LONDON — It’s quiet out there. Too quiet.
Film production in the U.K. has come close to a standstill in the past few weeks, as a succession of international pics have stalled in the midst of pre-production.
Films forced into hiatus include John Irvin’s “Byron”; “The Brontes,” from Gotham indie Winter Films; Bruce Beresford’s “Boswell for the Defence,” starring Michael Caine; Michael Cristofer’s “The Snow Goose,” starring Antonio Banderas; Mike Von Diem’s “Eliza Graves,” with Natalie Portman and Josh Hartnett for Icon; John Boorman’s “Knight’s Castle”; and David Mackenzie’s “Young Adam,” starring Ewan McGregor.
In most cases, key pieces of the financial jigsaw failed to come together in time. “I just don’t think you can jump the gun anymore,” says one producer. “The climate for financing is just too tough.”
Producers are scrambling to get their delayed pics back on track. David Cronenberg’s “Spider,” which started shooting last week, is one that succeeded, after being delayed by just a couple of weeks when Capitol Films stepped in to replace Cobalt Media Group.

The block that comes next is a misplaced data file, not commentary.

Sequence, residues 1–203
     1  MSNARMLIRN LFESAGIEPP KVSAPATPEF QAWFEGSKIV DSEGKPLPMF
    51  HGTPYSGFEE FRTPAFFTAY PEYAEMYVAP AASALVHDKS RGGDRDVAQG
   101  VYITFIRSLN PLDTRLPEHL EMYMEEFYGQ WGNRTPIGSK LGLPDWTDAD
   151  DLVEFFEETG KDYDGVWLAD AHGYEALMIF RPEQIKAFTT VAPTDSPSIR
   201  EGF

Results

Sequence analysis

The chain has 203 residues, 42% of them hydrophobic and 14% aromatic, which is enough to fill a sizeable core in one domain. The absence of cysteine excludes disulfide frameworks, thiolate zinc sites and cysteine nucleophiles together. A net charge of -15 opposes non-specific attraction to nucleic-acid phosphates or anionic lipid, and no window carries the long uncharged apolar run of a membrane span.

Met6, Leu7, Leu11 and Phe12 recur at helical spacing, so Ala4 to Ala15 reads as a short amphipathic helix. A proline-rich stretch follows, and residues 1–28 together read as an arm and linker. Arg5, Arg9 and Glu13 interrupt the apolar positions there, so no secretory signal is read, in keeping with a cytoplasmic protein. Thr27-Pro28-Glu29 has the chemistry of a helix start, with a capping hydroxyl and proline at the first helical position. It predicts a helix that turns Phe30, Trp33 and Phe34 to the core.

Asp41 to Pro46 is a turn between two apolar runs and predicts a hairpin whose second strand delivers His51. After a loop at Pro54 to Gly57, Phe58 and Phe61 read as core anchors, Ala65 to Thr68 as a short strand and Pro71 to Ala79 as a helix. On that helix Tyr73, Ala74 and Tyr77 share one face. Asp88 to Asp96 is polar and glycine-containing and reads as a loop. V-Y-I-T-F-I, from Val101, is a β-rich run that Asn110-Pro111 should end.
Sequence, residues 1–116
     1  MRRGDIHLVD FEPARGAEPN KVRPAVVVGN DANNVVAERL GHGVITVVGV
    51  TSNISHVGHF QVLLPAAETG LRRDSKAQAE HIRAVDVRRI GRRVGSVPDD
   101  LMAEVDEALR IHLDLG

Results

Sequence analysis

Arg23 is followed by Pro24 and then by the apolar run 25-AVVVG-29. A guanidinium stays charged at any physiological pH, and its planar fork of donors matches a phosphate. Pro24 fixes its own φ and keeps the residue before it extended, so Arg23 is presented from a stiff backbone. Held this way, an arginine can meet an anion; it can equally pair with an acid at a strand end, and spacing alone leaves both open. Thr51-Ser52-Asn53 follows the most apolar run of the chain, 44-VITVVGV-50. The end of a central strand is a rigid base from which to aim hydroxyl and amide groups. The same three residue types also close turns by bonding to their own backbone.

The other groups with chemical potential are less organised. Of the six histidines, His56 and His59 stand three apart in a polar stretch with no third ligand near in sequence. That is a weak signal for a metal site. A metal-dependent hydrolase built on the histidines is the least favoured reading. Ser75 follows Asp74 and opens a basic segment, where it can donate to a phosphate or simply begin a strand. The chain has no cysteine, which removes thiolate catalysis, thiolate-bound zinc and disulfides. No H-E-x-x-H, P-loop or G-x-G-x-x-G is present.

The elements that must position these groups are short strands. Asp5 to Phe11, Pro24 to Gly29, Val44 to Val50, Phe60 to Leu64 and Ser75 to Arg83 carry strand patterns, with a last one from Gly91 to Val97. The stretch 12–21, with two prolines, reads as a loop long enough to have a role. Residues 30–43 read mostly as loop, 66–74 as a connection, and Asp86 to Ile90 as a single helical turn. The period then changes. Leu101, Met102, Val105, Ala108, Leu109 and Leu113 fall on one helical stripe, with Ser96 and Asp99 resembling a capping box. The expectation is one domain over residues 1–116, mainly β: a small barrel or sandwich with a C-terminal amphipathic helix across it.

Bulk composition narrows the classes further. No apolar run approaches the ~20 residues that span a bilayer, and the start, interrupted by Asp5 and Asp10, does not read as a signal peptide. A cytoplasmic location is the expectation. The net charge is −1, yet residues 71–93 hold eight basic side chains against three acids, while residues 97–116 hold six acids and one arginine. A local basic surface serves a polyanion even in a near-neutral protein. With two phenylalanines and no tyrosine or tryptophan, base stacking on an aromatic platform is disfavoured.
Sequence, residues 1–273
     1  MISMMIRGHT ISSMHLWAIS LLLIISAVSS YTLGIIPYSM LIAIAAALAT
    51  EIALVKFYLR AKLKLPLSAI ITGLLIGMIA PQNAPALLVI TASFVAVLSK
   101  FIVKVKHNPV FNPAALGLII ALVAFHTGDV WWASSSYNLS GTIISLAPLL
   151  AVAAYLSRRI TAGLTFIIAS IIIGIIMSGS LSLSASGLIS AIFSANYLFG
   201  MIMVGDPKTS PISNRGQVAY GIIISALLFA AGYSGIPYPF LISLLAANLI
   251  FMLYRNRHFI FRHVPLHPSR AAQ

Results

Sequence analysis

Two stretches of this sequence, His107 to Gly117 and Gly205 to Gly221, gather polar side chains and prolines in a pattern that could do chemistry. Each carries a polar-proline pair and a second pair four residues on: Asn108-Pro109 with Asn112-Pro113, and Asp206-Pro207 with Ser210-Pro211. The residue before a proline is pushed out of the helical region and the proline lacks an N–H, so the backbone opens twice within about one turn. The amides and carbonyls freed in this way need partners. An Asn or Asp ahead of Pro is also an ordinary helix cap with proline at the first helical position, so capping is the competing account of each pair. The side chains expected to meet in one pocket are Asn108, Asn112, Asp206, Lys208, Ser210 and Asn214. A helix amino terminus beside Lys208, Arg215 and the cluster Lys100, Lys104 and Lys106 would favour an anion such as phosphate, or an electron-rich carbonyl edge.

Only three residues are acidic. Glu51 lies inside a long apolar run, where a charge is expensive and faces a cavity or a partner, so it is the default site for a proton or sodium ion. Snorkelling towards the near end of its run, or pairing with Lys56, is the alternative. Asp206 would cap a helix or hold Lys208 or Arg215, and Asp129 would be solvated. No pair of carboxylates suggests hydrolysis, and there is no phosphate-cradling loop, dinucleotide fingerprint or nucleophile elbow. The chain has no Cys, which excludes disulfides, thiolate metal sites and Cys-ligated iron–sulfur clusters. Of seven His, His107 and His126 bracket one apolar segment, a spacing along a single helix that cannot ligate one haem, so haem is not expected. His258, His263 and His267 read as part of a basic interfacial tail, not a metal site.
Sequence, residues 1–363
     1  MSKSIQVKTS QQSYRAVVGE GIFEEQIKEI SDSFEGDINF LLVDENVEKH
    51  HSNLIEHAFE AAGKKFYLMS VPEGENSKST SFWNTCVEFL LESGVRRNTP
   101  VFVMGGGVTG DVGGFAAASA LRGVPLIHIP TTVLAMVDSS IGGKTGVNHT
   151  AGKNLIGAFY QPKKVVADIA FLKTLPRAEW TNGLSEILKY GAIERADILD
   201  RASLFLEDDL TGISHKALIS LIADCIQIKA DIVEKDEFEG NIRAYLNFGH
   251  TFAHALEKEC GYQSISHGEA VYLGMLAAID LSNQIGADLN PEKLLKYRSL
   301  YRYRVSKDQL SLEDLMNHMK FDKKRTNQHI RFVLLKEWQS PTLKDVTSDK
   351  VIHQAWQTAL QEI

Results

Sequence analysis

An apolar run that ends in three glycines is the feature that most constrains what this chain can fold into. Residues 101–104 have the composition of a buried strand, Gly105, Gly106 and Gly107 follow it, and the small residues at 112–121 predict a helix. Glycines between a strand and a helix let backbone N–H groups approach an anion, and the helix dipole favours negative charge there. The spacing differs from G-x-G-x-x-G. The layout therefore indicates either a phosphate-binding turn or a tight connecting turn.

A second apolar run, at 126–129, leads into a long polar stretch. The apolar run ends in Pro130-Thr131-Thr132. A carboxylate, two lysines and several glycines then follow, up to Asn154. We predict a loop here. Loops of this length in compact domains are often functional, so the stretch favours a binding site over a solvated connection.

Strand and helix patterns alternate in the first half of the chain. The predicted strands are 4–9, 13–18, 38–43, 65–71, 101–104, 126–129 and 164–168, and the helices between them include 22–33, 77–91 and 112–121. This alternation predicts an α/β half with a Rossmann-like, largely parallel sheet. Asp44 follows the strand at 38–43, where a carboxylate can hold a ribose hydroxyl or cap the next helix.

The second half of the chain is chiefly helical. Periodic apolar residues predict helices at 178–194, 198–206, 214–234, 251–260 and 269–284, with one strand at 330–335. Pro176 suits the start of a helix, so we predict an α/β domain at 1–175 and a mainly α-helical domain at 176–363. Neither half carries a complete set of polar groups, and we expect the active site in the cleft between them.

To make matters worse, investment by the Hollywood studios, which was already sharply down in the first half of the year, has completely disappeared in the aftermath of the phantom strike threat.
Figures from the British Film Commission reveal that foreign investment in U.K. film and TV production was just £78 million ($109 million) in the first six months, down from $318 million last year.
“There isn’t a single art department working out at Shepperton Studios now,” says one veteran casting director, who herself is sitting at home after four projects fell apart that she was working on. “And that means nothing can be ready to start shooting until at least November.”
Steve Jaggs of Pinewood Studios blames much of the slowdown on a hangover from Hollywood’s pre-strike frenzy. “Studio projects were either brought forward to be finished by June 30, or delayed for some time,” he says.
But that doesn’t explain why independently financed pics are falling apart left, right and center. Each case is different, but several of the stalled projects fell victim to complex tax deals that failed to deliver. It’s also significant that none had a U.S. distribution deal in place.